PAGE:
Nektar's Trial Evaluates Efficacy Of NKTR-118 For Opioid-Induced Bowel Dysfunction Treatment
Nektar Therapeutics starts Phase 2 study for NKTR-118 (PEG-naloxol), an oral treatment being developed to treat opioid-induced constipation (OIC) and other clinical manifestations of opioid-induced bowel dysfunction (OBD).
The double-blind, randomized, dose-escalation trial will evaluate the efficacy, safety and tolerability of NKTR-118 in patients experiencing constipation while receiving opioid therapy.
"We are excited to begin our Phase 2 clinical trial for oral NKTR-118 in OBD and OIC patient settings," said Hoyoung Huh, M.D., Ph.D. Chief Operating Officer and Head of the PEGylation Business Unit at Nektar. "NKTR-118 represents an innovative application of our small molecule PEGylation technology to prevent drugs from entering the central nervous system."
NKTR-118 is being evaluated as an oral therapy to treat OBD and OIC, which are serious and debilitating conditions resulting from the use of opioids for pain management. NKTR-118, which is a PEGylated form of naloxol, was designed to selectively target peripheral opioid receptors to alleviate constipation associated with opioid therapy, while reducing the drug's penetration across the blood-brain barrier (BBB) and into the central nervous system in order to preserve opioid analgesia.
About the Phase 2 Clinical Development Program for NKTR-118 (oral PEG-naloxol)
The Phase 2 trial for NKTR-118 is a multi-center, placebo-controlled, dose-escalation trial (5 mg, 25 mg, 50 mg or 100 mg). Patients experiencing OIC will be randomized 1:1 to NKTR-118 or placebo in addition to their opioid treatment. Therapy will be administered orally once-daily (QD) over a five-week treatment period. The primary efficacy endpoint of the trial will be the increase from baseline in spontaneous bowel movements per week (SBMs per week). Additional endpoints include monitoring of other symptoms of OBD, which will include the Patient Assessment of Constipation Symptoms (PAC-SYM) outcomes tool, and other quality of life measures. Maintenance of opioid analgesic effect will be assessed by measuring changes from baseline in mean daily opioid requirements and daily pain scores. Safety and tolerability will be assessed and pharmacokinetics of the drug will be evaluated. The trial will be conducted in approximately 50 centers in North America and Europe.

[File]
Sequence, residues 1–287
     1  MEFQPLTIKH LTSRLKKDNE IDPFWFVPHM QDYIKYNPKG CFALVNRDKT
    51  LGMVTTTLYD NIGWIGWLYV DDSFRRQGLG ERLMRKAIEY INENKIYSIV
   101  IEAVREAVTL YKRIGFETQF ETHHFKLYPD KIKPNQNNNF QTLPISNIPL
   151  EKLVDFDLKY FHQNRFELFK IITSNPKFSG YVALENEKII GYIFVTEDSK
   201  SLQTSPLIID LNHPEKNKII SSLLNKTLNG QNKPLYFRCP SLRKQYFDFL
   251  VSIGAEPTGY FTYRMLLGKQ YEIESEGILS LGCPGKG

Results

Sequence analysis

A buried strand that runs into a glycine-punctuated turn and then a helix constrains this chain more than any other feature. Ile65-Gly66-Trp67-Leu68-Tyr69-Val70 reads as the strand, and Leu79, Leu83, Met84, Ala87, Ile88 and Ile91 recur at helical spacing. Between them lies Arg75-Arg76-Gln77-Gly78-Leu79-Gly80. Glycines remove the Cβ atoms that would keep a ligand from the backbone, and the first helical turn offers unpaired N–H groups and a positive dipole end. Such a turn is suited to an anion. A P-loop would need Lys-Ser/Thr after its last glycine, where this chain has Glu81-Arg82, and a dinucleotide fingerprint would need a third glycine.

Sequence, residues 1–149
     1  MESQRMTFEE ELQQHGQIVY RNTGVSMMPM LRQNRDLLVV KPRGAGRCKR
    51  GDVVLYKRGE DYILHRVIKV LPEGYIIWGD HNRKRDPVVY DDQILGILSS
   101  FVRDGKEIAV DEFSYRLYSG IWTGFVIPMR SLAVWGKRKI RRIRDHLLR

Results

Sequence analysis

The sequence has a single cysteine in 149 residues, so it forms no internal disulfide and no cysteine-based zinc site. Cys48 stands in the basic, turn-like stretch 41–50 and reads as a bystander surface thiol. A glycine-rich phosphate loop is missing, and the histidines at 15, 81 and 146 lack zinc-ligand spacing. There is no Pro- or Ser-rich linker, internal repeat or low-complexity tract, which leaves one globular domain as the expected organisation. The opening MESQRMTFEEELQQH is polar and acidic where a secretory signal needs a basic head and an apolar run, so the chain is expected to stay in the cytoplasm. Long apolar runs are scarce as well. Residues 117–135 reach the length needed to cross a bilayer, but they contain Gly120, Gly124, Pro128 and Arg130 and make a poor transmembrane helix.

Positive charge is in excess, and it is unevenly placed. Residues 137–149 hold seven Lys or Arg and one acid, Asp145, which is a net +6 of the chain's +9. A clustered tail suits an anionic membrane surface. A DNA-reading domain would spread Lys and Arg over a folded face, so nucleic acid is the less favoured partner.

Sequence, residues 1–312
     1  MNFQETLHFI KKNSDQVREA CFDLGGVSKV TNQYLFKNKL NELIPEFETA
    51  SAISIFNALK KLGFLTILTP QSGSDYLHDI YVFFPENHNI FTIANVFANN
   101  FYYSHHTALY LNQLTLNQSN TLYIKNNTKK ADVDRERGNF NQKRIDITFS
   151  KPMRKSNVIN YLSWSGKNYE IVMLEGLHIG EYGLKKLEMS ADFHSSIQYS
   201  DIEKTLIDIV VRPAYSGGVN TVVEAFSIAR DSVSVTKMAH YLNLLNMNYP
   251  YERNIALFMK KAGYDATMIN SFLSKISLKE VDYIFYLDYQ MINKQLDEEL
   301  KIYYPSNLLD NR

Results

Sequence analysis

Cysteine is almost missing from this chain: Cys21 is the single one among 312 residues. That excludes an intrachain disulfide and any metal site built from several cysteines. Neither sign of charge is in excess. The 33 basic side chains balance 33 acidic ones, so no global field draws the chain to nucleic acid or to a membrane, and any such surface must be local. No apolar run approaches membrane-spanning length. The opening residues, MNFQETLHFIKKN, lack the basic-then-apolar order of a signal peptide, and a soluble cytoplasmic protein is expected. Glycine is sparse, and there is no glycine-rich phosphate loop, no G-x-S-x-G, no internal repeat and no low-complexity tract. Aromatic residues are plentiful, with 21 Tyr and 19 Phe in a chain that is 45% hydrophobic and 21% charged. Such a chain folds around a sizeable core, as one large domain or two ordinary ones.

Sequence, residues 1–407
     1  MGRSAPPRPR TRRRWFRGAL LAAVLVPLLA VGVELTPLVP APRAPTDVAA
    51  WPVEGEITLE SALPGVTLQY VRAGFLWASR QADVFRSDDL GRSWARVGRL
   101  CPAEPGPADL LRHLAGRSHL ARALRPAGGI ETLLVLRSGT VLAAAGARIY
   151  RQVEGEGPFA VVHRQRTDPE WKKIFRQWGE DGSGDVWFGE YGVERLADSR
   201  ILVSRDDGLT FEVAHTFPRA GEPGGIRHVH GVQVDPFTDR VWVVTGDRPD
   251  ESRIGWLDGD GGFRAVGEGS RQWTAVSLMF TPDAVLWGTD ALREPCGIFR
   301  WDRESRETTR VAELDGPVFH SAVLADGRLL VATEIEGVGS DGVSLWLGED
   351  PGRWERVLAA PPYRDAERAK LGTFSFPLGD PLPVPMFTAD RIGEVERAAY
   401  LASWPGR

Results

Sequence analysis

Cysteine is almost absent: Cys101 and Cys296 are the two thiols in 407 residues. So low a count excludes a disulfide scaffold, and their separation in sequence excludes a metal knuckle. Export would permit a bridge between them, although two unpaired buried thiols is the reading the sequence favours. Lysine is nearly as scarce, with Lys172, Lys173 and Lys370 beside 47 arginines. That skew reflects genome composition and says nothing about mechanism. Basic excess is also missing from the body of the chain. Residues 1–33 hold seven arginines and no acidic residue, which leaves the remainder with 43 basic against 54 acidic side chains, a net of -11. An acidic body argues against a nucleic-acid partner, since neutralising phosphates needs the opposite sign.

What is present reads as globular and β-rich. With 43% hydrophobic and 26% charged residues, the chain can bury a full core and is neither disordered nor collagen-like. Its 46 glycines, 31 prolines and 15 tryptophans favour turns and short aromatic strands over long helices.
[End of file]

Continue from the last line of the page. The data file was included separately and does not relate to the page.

NKTR-118 is an oral drug that combines Nektar's advanced small molecule PEGylation technology platform with naloxol, a derivative of the opioid-antagonist drug, naloxone. In preclinical studies, Nektar's PEGylation technology has been shown to reduce penetration of drugs across the blood-brain barrier, an important potential advance for NKTR-118 and possibly many other small molecule therapies.
The peripheral opioid antagonist NKTR-118 targets opioid receptors within the enteric nervous system, which mediate OBD, a symptom complex resulting from opioid use that encompasses constipation, bloating, abdominal cramping, and gastroesophageal reflux. Constipation is the hallmark of this syndrome, and is generally its most prominent component. Currently, there are no specific drugs approved or specifically indicated to treat OBD or OIC. NKTR-118 has been studied in two Phase 1 trials evaluating the safety, tolerability and pharmacokinetics of single and repeated dose administration of the drug.
In a proof-of-principle Phase 1 trial, single oral doses of NKTR-118 antagonized morphine-induced delay in gastrointestinal transit time demonstrating the potential of the drug to relieve constipation caused by opioid treatment. This effect was seen to increase in a dose-dependent fashion, reaching maximal effect at 125 mg. Further, no diminution of morphine-induced miosis, a CNS effect, was observed at single oral doses of NKTR-118 that produced a maximal effect on gastrointestinal transit time. NKTR-118 was well-tolerated and rapidly absorbed with dose proportional pharmacokinetics over single dose ranges of 8-1,000 mg.
According to IMS Health, more than 200 million prescriptions were written for opioids in 2006 in the United States, alone. Many studies indicate that a high percentage of patients receiving opioids are likely to experience significant constipation and other symptoms of OBD. Stool softeners or laxatives may be inadequate for many patients with OIC and often are associated with unwanted side effects such as bloating and cramping.